I am told that during the arguments on the drawing up of the resolution to authorise "all necessary means", many countries would not vote for a resolution which contained the words "including force"—so the phrase "all necessary means" was used so that America could later interpret it to mean force. At the same time, the section of the resolution dealing with the restoration of international peace and security in the area was slipped in deliberately to allow room for manoeuvre in interpreting it—[HON. MEMBERS: "Who says?"] The researchers who did the work for the Brian Walden programme. [Laughter.] Hon. Members may laugh, but it is an enormously well-resourced and respected programme. However, this is a serious analysis, so it will not interest Conservative Members.

We should all like to see Saddam Hussein fall, but the question of how we achieve that is crucial to the post-war settlement. I believe that the nature of the bombardment of Baghdad, with the deliberate destruction of the civilian population's water supplies, sewage systems and access to medical care and electricity, is, in practice, an enlargement of the war aims. Some of the bombardment cannot be justified for military purposes. The Arab world now takes the attitude that the war aims have been widened and that it is now a question of an attack on an Arab country. The Arabs believe that we do not care about the death of Arab children and Arab women, but only about our own casualties. There has been a sweeping change in attitude in the Arab world—from initial hostility to Saddam Hussein's invasion of Kuwait to the belief that America is destroying an Arab country to perpetuate its control of the middle east. That is very dangerous for the post-war settlement. It is a question of winning the war but possibly losing the peace.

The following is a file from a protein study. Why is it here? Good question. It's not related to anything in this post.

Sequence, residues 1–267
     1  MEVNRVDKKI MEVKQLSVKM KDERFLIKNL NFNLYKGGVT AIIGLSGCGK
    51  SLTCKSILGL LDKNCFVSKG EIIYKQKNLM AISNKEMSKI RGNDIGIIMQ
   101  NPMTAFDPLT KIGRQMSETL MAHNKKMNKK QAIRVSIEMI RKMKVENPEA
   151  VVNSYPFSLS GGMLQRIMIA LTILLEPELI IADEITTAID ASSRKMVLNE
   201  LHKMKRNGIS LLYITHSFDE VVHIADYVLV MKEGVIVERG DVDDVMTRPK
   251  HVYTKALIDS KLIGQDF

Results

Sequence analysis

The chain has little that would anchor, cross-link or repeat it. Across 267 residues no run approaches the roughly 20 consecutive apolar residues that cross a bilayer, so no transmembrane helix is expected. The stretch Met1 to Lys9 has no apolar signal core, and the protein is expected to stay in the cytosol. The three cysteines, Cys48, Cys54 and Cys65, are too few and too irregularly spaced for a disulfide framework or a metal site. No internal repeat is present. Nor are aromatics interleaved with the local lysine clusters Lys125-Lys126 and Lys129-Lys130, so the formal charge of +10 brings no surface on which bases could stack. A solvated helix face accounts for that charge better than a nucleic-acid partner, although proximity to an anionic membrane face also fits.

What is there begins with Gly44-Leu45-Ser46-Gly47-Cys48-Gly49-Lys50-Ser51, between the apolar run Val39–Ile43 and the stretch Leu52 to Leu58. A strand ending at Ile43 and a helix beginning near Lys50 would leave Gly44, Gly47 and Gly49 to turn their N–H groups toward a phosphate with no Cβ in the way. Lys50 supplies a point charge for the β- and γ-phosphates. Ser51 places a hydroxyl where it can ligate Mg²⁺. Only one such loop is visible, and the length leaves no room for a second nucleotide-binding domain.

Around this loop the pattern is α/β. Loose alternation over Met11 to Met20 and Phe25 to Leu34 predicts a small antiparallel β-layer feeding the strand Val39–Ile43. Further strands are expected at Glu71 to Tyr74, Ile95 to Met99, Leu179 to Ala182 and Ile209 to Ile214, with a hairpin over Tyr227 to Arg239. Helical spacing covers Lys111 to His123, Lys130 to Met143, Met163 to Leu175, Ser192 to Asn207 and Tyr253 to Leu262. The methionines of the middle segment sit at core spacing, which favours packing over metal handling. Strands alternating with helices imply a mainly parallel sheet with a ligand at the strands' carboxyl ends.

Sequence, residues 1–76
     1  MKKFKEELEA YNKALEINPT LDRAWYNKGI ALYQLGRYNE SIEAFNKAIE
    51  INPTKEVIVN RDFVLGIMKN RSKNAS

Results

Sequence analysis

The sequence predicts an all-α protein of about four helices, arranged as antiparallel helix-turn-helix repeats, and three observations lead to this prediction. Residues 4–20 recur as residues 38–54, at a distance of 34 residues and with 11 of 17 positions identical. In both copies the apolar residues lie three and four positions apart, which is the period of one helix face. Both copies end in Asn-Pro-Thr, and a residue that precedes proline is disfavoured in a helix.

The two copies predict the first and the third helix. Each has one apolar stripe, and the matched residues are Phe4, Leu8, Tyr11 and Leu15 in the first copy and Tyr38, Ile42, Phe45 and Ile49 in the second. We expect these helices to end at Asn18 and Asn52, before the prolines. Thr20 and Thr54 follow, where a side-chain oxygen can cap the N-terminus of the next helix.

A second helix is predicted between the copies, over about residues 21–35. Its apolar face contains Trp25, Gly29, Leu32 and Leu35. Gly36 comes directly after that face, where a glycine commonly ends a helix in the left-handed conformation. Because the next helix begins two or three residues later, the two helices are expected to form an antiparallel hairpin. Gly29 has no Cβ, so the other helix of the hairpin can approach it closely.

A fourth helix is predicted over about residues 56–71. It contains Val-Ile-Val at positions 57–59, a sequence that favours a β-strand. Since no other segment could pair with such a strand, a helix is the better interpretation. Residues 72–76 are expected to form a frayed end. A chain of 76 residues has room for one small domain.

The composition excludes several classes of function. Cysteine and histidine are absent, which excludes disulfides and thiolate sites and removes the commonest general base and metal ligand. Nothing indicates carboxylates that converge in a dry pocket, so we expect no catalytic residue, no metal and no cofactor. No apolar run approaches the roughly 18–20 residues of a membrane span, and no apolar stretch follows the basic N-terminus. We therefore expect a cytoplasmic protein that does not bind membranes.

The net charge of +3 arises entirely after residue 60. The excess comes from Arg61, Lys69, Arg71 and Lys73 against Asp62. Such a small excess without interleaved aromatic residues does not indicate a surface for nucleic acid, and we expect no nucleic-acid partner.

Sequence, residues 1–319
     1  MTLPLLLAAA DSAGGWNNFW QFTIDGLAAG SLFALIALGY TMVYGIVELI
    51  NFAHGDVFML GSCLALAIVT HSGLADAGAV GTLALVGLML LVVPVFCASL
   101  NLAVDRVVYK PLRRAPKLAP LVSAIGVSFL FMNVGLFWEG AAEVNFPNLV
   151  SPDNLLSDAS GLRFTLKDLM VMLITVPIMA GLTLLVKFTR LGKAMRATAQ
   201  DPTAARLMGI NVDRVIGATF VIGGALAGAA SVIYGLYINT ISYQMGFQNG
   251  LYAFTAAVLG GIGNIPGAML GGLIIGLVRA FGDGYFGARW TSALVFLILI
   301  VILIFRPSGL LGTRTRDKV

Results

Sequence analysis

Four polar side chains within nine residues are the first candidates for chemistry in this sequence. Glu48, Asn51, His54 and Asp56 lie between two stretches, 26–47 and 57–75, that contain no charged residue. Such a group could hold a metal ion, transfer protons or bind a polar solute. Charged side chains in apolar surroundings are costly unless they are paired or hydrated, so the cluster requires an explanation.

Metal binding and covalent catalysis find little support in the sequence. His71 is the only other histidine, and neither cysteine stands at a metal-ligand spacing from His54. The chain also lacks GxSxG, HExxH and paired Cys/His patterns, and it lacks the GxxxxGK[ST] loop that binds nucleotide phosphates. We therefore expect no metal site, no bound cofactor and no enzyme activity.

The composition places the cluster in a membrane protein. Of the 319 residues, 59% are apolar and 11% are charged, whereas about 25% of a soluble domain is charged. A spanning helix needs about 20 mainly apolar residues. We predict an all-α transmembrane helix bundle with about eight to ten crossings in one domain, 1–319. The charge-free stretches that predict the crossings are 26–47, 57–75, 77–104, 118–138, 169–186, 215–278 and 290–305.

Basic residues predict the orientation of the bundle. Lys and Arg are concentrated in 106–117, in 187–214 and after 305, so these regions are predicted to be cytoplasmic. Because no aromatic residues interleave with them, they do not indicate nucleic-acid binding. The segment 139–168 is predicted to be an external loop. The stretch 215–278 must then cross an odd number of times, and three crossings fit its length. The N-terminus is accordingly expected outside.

There are two possible post-war settlements. I believe that the most likely is the pessimistic settlement. The United States is now determined to destroy Iraq. It is interesting that the United States, again followed poodle-like by Britain, rubbished the Soviet initiative from the beginning.